Media Matters for America is a great resource. They listen to Rush Limbaugh so we don’t have to. They’re kind of like Christ in that way: suffering for the sins of the right wing echo chamber. But I’ve always been a little bit skeptical of them, because let’s face it: David Brock has a questionable past. He is, after all, the totally unprincipled writer of The Real Anita Hill. And even after his liberal awakening, he used the same disreputable conservative tactics to push his book Blinded by the Right. I’ve always felt that Brock wasn’t so much a liberal as a New Democrat. And regular readers should know that I believe that the New Democrats have been responsible for destroying both the Democratic and Republican parties. (See for just one example, Robert Rubin and the Villainy of the New Democrats.)
So I was not surprised on Monday when Huffington Post published, Media Matters Employees Feel “Betrayed” By Management’s Opposition to Their Union. According to the article, “Media Matters management recently declined to recognize the union through the ‘card check’ process, instead exercising its right to force a union election under National Labor Relations Board oversight.” Card check is where a union can collect employees’ identification cards and present them to the management to indicate that the employees want to join the union. Businesses hate this because it doesn’t allow them to run their usual little campaign of fear and intimidation to change the vote. And because we don’t live in a democracy, companies are not required to accept card check.
But Media Matters is a liberal organization. Being liberal is a big part of their brand. Surely they would accept card check! But of course not. Because when you get right down to it, Media Matters is still a company, even if it is a nonprofit. The managers still make more money than the workers. And the more money the workers make, the less will be available for management salaries. And those salaries, while hardly excessive are certainly not bad. According to Poynter back in 2011:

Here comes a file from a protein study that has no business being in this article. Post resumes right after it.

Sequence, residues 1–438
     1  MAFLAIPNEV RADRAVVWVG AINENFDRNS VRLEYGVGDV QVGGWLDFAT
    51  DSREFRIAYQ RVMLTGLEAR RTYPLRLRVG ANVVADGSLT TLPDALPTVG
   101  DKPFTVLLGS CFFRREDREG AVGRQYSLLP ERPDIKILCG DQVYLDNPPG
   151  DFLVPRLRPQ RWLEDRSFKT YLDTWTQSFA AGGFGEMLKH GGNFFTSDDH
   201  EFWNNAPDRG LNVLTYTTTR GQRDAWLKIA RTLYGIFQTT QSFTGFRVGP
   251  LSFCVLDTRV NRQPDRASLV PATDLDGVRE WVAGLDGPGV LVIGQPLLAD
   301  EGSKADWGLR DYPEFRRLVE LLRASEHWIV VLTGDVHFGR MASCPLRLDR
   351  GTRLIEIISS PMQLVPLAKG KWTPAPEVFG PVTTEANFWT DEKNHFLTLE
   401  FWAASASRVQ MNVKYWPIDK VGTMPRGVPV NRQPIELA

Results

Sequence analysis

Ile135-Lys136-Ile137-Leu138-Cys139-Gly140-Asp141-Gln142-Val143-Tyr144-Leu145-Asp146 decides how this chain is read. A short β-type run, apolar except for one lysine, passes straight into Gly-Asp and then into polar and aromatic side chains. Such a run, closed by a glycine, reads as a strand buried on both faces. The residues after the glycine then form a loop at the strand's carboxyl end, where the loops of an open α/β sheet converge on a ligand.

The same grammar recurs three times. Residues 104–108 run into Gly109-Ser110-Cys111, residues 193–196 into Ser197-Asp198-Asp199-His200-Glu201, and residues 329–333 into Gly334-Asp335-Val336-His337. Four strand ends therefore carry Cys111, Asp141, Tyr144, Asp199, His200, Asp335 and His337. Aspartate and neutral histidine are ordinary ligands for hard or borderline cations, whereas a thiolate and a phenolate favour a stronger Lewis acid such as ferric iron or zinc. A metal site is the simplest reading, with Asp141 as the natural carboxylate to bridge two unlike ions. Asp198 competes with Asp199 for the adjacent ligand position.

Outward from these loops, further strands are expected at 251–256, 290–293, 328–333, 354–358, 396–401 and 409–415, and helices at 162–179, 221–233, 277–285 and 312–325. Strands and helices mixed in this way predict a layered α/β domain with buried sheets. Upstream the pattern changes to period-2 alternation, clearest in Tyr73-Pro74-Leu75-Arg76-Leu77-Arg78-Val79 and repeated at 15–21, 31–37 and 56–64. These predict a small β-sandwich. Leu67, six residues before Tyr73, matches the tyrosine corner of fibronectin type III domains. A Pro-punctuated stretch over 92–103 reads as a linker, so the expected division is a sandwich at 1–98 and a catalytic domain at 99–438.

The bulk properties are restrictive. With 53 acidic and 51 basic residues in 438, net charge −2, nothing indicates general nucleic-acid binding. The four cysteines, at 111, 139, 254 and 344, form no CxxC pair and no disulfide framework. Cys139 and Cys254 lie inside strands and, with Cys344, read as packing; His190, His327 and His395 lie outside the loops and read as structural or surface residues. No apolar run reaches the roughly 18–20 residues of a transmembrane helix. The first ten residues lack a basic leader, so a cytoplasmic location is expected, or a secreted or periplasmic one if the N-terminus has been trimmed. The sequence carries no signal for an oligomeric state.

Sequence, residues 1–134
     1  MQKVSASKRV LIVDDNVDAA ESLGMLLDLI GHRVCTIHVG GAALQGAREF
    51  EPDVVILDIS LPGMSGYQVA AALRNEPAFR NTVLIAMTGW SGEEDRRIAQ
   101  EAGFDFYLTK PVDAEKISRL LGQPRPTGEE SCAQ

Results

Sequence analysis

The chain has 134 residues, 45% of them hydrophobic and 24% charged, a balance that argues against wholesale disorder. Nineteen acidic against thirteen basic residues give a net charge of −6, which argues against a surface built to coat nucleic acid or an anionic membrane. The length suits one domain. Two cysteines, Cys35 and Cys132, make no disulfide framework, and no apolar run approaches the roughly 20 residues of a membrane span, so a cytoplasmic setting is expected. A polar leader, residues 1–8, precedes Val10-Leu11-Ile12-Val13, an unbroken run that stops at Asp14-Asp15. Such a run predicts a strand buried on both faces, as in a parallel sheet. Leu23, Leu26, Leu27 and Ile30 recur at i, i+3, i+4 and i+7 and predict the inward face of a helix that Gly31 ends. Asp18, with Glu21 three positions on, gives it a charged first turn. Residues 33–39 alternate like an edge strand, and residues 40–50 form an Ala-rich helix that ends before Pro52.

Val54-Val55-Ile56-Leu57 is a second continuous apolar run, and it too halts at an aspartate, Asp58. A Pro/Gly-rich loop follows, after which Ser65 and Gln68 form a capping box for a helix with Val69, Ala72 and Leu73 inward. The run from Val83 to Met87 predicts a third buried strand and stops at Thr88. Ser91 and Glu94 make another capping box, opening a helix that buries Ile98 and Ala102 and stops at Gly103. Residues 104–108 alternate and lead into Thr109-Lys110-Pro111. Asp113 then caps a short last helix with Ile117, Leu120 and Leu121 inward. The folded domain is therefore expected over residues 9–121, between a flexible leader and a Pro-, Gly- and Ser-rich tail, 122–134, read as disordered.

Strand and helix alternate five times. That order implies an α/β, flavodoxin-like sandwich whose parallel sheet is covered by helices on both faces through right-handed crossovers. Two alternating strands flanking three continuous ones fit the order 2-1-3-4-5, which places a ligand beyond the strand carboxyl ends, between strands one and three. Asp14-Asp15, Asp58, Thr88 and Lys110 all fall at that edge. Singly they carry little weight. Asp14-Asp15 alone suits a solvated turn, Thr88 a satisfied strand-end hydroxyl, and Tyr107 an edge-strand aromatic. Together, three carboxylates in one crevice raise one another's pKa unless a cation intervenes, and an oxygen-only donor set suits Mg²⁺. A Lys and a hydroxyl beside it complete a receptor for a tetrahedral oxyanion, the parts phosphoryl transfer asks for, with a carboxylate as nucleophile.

- David Brock (chairman/CEO): $286,804
- Eric Burns (president): $240,579
- Tate Williams (chief of staff): $162,812
- Eric Boehlert (senior fellow): $115,000
- Ari Rabin-Havt (VP-communications and strategy): $134,484
I could be all wrong about Media Matters, of course. And I thought I was when I a saw a Politico headline today, Media Matters “Not Opposed” to Unionizing. But all the article did was reinforce my original suspicion. Vice President Angelo Carusone said, “People have that right, so yea, of course they do. It’s a choice. What’s guided us the entire time is making sure the process is really clean.” If I had not yet made it out of preschool, I might accept that. But I have and so what I see is that Media Matters is doing what all companies do when faced with unionization: stall. They want time to organize themselves so they can kill the unionization effort.
It is possible that this move will be bad for the bottom line at Media Matters. But I doubt it. I suspect the rich people who give money to organizations like Media Matters are the same kind of New Democratic “liberals” who believe in individual rights and equity—as long as it doesn’t cost them any money.
Actually, the issue with unions isn’t usually about money. It is about power. Management does not want to give up any of the power that it has. Of course, when forced to, management quickly gets used to it. I suspect the managers at Media Matters are fighting this because it is an affront to their feelings of self-worth. I hope the workers don’t back down. But if they do, I understand. It is not a good time to be a worker in America—a fact of which I’m sure all the managers at Media Matters are aware.